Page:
Rarely if ever have dread and delight merged like they do in Lindsay Beamish and Amanda Vitiello’s “Wigs.” The piece, part drama, part dance, part performance art, presented as part of the Hollywood Fringe Festival, doesn’t swing back and forth between gloom and glee, but manages to blend them into a single feeling throughout its too-short hour.
The dread is embodied by a tiny area, cordoned off by a curtain that looks like a child’s sheet, which invisibly serves as both offstage and the center of the lives of the characters, girls played by Beamish and Vitiello (contradictions are everywhere in “Wigs”). From there emanates the voice of a man we never see, playfully played by the two women alternately in mock-deep voice, who has, we come to understand, abducted them both and held them hostage.
They have been here long enough that their ties to the outside world have begun to fray, but not so long that their memories don’t still hold them. He leads them through drills like a football coach, involving the constant switching of the titular wigs, which are clearly his fetish but also act as the toys, the pets, and the children, of the two girls who have little else.
They are adults playing girls who are far younger, but we never learn their exact ages, and it is strangely irrelevant in this space — a world where they are required to embody all of femaleness all at once.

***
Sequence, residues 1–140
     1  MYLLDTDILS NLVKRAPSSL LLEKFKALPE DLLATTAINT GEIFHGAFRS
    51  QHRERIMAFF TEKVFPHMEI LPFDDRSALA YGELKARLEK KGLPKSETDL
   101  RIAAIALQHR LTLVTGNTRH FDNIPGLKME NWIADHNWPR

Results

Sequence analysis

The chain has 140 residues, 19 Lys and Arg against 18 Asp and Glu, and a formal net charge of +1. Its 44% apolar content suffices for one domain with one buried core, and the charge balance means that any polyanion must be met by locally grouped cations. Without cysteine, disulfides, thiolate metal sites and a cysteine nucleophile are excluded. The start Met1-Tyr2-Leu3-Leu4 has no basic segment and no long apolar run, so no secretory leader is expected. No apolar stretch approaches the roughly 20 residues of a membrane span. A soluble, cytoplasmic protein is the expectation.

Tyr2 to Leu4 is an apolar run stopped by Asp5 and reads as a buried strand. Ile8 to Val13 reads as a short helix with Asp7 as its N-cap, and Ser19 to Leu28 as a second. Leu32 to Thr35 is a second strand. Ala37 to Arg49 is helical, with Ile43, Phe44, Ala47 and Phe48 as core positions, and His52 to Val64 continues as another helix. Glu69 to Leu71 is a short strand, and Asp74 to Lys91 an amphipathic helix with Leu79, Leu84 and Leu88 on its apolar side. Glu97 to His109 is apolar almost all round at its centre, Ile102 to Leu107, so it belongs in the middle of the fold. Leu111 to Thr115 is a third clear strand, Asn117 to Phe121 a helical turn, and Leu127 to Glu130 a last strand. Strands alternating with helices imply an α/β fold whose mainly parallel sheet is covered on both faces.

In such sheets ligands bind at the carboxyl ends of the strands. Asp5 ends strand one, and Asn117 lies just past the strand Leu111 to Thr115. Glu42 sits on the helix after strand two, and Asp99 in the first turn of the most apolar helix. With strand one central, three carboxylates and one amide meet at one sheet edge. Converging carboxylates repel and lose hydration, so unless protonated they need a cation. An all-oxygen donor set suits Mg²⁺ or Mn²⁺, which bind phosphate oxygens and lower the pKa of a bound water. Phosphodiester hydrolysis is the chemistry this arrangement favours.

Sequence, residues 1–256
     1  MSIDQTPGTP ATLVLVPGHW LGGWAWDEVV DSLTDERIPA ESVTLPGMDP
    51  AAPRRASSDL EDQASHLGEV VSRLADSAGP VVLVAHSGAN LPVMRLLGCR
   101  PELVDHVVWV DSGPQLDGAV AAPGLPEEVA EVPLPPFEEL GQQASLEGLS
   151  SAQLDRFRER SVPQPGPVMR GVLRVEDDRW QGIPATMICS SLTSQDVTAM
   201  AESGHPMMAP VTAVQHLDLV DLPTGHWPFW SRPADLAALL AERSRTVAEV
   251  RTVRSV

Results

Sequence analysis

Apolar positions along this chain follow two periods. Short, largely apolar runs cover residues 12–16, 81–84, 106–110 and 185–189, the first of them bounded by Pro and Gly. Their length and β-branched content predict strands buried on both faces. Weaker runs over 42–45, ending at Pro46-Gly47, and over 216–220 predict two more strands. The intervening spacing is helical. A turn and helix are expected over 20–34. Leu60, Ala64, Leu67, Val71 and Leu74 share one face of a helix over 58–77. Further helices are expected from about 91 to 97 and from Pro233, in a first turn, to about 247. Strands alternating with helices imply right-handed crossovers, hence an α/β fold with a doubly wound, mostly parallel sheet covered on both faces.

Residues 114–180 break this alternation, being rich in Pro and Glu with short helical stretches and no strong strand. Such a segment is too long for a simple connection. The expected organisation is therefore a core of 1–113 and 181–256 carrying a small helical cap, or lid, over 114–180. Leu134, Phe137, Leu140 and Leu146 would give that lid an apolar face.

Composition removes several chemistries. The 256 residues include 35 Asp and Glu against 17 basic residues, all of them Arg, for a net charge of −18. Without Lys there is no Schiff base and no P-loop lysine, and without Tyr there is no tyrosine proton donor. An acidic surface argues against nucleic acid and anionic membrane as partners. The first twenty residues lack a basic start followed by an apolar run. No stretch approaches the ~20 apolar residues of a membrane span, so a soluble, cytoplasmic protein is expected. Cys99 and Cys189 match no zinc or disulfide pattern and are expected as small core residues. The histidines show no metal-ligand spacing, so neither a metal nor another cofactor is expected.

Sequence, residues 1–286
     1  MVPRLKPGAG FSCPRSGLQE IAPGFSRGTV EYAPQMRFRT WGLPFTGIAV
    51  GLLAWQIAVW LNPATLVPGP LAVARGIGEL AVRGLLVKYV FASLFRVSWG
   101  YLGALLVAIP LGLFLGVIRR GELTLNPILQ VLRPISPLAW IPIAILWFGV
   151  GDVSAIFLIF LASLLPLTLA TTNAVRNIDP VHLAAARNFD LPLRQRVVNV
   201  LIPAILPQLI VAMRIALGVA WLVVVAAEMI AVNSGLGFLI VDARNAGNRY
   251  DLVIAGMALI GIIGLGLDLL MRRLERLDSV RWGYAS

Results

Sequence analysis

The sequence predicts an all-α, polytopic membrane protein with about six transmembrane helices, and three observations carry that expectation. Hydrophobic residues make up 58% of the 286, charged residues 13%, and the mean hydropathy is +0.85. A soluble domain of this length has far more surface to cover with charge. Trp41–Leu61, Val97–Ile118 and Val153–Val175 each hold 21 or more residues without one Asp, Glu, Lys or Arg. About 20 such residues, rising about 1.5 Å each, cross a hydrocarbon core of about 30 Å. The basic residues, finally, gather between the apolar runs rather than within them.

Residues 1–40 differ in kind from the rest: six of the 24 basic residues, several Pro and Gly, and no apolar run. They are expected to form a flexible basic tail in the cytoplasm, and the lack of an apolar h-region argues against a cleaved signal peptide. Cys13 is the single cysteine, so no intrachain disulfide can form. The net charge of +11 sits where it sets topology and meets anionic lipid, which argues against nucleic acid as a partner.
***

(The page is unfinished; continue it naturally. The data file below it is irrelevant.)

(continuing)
“Wigs” obviously owes something to Emma Donoghue’s novel “Room” and its subsequent film, but it’s doing something very different. In “Room,” a mother was forced to build a world for her son. Here, the girls are trying to maintain the existence of their own outside world, by constantly invoking its anchors and markers, its sayings and slogans. Beamish and Vitiello both in less than an hour establish a pair of unforgettable and unmistakable characters, and an utterly real relationship — the kind of arranged-marriage friendship children are often forced into, though usually not so brutally.
The pair’s favorite daily ritual is “dance time,” a tightly choreographed routine to Sia and Flo Rida’s “Wild One,” a song Beamish and Vitiello used to start the writing-by-improv process that birthed the show. Its repeated performances throughout the hour allow us to join them in a moment of sweet escape, even as plans of their actual escape give us — and them — stomach-stirring anxiety. Like the entire show, it’s a graceful and artful synthesis that should not be missed.